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Shribman: A legendary speech turns 50

David Shribman

The events that March came on a gale of fury, and with furious speed: the “Bloody Sunday” civil rights march from Selma to Montgomery, the confrontation at the Edmund Pettus Bridge, the tense meeting between Gov. George Wallace of Alabama and President Lyndon Johnson. And then, a half-century ago: the greatest speech in Johnson’s life.

The setting could not have been more dramatic. Martin Luther King Jr. and the Student Nonviolent Coordinating Committee had drawn the nation’s attention to the drive for the black vote in the face of intractable opposition from whites who had created artificially high barriers to registration. Johnson, a Southerner with Southern mentors but with a growing sense of purpose for his presidency, decided to send voting-rights legislation to Congress — a decision made so swiftly that Lady Bird Johnson likened it to “deciding to climb Mount Everest while you are sitting around a cozy family picnic.”

The president summoned a speechwriter, Richard Goodwin, to prepare with less than a day’s notice the first speech for specific legislation that any president had delivered in the House chamber since the Truman administration. One page at a time, a draft began reaching Johnson at about 6 p.m. The process, which continued for an hour, was accompanied by groans from members of his staff. The text handed to Lady Bird in the visitors’ gallery, she wrote in her diary, “came to an abrupt end two-thirds of the way through.” If America were a work in progress, so, too, was the speech that would fuel that progress.

“At times history and fate meet at a single time in a single place to shape a turning point in man’s unending search for freedom. So it was at Lexington and Concord. So it was a century ago at Appomattox. So it was last week in Selma, Alabama,” Johnson said.

Later — including this year, after the release of the film “Selma” — there would be debates, serious and searing, about whether the credit for great civil rights achievements belonged to a white president or to black activists. Johnson, who favored locutions such as “your president wants” and who was no stranger to self-aggrandizement, nonetheless argued that it was the marchers who had removed the scales from a nation’s eyes.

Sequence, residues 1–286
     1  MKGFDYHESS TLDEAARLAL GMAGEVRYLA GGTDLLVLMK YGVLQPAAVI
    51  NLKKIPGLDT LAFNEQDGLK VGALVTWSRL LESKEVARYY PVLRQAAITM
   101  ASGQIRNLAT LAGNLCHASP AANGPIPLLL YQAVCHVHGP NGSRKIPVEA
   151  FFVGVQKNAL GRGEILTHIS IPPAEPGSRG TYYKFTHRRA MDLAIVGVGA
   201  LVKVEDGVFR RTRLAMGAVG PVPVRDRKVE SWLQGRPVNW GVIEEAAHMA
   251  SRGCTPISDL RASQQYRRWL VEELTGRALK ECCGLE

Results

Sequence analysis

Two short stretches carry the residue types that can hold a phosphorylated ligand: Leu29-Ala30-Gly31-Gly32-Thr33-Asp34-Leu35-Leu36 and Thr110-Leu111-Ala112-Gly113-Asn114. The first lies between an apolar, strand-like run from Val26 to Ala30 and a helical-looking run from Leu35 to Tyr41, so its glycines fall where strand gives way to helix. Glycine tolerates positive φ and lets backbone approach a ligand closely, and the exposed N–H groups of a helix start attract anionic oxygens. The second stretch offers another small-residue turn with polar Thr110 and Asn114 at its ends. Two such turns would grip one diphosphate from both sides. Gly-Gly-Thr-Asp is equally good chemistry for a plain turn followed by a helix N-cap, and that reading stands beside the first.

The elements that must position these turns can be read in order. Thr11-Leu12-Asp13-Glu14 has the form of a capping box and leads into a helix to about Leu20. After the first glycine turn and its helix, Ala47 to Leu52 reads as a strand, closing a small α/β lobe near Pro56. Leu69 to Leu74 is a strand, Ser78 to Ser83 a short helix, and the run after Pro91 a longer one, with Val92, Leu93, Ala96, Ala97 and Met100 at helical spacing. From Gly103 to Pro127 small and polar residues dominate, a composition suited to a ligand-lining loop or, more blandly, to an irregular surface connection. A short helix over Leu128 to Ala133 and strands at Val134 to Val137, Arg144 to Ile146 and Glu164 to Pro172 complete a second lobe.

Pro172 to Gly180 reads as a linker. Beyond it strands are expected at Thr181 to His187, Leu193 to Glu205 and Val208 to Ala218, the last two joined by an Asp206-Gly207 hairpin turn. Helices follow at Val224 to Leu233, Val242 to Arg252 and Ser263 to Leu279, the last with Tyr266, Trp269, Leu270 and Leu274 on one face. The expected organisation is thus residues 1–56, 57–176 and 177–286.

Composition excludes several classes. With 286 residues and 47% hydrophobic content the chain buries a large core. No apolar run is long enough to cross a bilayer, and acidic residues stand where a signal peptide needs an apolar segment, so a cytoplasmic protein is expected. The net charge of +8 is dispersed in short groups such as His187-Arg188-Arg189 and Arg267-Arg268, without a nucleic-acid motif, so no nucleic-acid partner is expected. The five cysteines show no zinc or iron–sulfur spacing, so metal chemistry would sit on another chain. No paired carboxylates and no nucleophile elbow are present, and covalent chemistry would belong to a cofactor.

In his remarks, Johnson would assert that “the real hero of this struggle is the American Negro.” Johnson made plain that the sit-ins, marches and protests had changed the national conversation.

“There is no constitutional issue here. The command of the Constitution is plain. There is no moral issue. It is wrong — deadly wrong — to deny any of your fellow Americans the right to vote in this country. There is no issue of states’ rights or national rights. There is only the struggle for human rights.”

Two years earlier, in a Memorial Day speech ahead of the 100th anniversary of the Battle of Gettysburg, Vice President Johnson responded to the civil rights leader’s “Letter From a Birmingham Jail,” acknowledging the merit of the King argument that “justice too long delayed is justice denied.” He returned to that theme powerfully in his speech in the Capitol:

“The time of justice has now come, and I tell you that I believe sincerely that no force can hold it back. It is right in the eyes of man and God that it should come, and when it does, I think that day will brighten the lives of every American.”

Only a day earlier, hundreds had gathered across from the White House. There, facing a phalanx of police officers, they sang the battle hymn of the civil rights movement, their “We Shall Overcome” aimed both at the segregationists in the South and the Southerner in the executive mansion.

They could not have known that the next day the president would use their anthem as a reprise line, making their cause his cause.

Sitting in the House chamber that night were Sens. Lister Hill of Alabama and Richard Russell of Georgia, whom the young Lyndon Johnson regarded as a father figure.

“You trained that boy,” Lister said of the 36th president the next morning. “What happened to that boy?”

“I just don’t know, Lister,” responded Russell. “He’s a turncoat if there ever was one.”

David Shribman is executive editor of the Pittsburgh Post-Gazette.